Ginger Bread cookies with royal icing

7:44 AM

Some days I feel very ancient as if I or rather my generation belong to some other time. Just the other day when my almost 8 rolled his eyes when I told him that we grew up watching only one channel or the time my niece rolled out laughing when I fleetingly mentioned that we used to study with kerosene lamps every evening as power cuts were very rampant in our childhood or the time when my neighbour's son found me lunatic when I told him we dint have pizza or pasta in our childhood. It is as much difficult for them to visualise that simple time as it is for me to believe how much has changed in such short span of time.

But am glad when every year during Christmas these same little ones of the family write their wishlists to Santa. At least there are some things that even time cannot change. The magic of Santa is one of them...The same stories of an old man who lives in North Pole and on every Christmas Eve he comes down the chimney and leaves them a gift has wooed her grand parents, her parents and now hers...It's a fable with which we have been fed and now we feed our children many unliked morsels and make them do things that they detest.

For me Christmas is very special. May be because I grew up in a town where Poush Mela (falls around 25th December every year) was more important a celebration than Durga puja and attending Khristotsav (an event celebrating the birth of Jesus in Santiniketan with prayers and music) every year provided solace to my young soul in an unknown way. and there's nothing like these ginger bread cookies that spell Christmas to me. 

They are full of warm spices like ginger, nutmeg, allspice, clove and cinnamon thats complemented with a dark earthy colour lent by caramely brown sugar and smoky molasses. Nothing could be more comforting in winter than sharing a cuppa and these cookies with your loved ones overlooking a foggy wintry morning.  For me they are like a giant hug encapsulated in bite size portions. It comforts and warms you up from inside. If handmade gifts are the best then be assured that receieving a bag of these cookies means you are very special to them.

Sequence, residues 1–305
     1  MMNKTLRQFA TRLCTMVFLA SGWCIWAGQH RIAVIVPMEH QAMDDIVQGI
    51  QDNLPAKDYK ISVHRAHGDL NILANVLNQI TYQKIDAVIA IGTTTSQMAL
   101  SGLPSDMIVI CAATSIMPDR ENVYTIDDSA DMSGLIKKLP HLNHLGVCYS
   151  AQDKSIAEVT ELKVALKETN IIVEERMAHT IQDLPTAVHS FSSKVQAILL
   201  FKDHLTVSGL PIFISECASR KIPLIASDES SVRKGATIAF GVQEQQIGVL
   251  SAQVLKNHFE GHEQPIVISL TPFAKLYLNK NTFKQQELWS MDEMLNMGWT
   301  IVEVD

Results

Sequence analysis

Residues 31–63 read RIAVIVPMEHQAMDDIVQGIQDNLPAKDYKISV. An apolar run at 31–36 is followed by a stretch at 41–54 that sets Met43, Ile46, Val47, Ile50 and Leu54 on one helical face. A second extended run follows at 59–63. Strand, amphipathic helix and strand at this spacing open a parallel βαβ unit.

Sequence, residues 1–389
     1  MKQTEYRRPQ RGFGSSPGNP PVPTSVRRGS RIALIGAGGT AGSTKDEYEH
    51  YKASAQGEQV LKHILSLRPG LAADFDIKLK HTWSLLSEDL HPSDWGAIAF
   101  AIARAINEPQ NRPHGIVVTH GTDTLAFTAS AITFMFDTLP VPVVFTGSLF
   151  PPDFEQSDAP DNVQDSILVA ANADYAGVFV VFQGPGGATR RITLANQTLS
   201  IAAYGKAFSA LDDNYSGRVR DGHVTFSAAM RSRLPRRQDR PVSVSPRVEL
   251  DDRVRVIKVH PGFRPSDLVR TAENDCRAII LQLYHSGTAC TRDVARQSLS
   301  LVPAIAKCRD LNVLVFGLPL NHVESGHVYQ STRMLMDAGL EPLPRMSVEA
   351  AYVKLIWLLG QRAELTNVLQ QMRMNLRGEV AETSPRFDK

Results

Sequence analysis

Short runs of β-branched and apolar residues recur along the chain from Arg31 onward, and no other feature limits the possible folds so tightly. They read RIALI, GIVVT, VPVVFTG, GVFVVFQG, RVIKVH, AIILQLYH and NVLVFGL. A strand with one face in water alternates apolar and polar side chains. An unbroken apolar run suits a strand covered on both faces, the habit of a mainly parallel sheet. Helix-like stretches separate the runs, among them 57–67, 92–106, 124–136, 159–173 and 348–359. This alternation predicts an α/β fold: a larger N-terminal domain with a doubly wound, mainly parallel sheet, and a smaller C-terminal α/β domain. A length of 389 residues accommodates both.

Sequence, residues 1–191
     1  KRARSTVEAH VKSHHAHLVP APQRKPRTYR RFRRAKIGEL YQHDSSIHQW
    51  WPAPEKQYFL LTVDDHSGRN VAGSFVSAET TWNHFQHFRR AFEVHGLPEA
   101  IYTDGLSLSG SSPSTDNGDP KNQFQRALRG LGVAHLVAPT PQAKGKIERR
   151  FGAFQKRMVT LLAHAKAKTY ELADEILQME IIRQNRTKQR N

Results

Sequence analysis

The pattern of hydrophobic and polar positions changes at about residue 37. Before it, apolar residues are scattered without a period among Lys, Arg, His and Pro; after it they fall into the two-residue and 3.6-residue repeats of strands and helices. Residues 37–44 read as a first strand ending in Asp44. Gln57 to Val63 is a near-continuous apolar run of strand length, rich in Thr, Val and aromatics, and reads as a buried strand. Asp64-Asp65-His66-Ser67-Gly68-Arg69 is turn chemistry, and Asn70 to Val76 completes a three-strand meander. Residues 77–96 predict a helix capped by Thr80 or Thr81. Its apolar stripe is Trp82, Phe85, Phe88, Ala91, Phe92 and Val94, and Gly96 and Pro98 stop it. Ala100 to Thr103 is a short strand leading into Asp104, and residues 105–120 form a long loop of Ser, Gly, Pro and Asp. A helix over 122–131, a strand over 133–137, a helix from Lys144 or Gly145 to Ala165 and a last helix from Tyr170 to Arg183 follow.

This year I baked these with my son who mixed, rolled, chose the shapes, cut and baked them to perfection. All I did was to be there and when finished to decorate them. 

Ginger bread cookies:
Adapted from King Arthur Flour)
(Makes 2 dozen 2" cookies)

Flour: 21/2 cups
Butter: 100 gms
Dry ginger powder: 1 tsp
Cinnamon powder: 1/2 tsp
Nutmeg powder: 1/8 tsp
Baking powder: 2/3 tsp
Baking soda: 1/4 tsp
Brown sugar: 1/2 cup
Molasses: 1/2 cup (I used semi thick nolen gur)
Egg: 1/2 of a large one

In a sauze pan mix brown sugar. mollasses and butter and melt. Take off from heat and mix in the spices. Let it cool.
In the mean time mix the flour with soda and baking powder. I used salted Amul butter hence dint use salt. 
Once the molasses mixture is cool mix in the egg and stir. Now add all other ingredient and mix to get a dough. If its tight add little milk. If loose add little flour. Wrap in cling film and place in the fridge for at least 1 hour.

Now set your work station clean and line 2-3 baking tray with foil or baking paper. 

Take out the dough and roll them out between two sheets of baking paper or cling film. Dust them generously. Roll to a thickness of min. 1/4" . Cut with your cookie cutters dipped in flour and gently transfer to the lined cookie sheet. Repeat to cut, gather scraps and rolling out again till your dough is over.

Bake in a pre heated oven of 175C for 10-15 minutes. 

Take out. cool on a wire rack and once completely cold store them in air tight container.

Royal icing:
Egg white: 1 egg (Make sure the egg is pasteurized)
Lemon juice: 1/2 tsp
Icing sugar: 11/2 cup

Mix the egg white and lemon juice . Add icing sugar 1/2 cup at a time and mix. Once you are thick with the consistency (when the beater leaves a trail) stop adding sugar.
Pour it in a piping bag and make a very small hole.
Ice as per your wish. Dry them for 6-8 hours before storing.

A Homemaker's Notes:
Always ice cookies when they are completely cold. 
Prevent the icing from drying by covering it with a damp towel.

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  1. Loved reading through your post... sometime my daughters and I do have a tussle on how much TV one can watch and how much time one can spend on their tablet, and also to stop dialogues like, "Ummi, this is ONLY five dirhams!" That ONLY irks me, for me even a rupee is valuable, or that's how we have grown up to know, right? :) Love these beautiful looking cookies, you have shot them amazingly... the first click is so creative!


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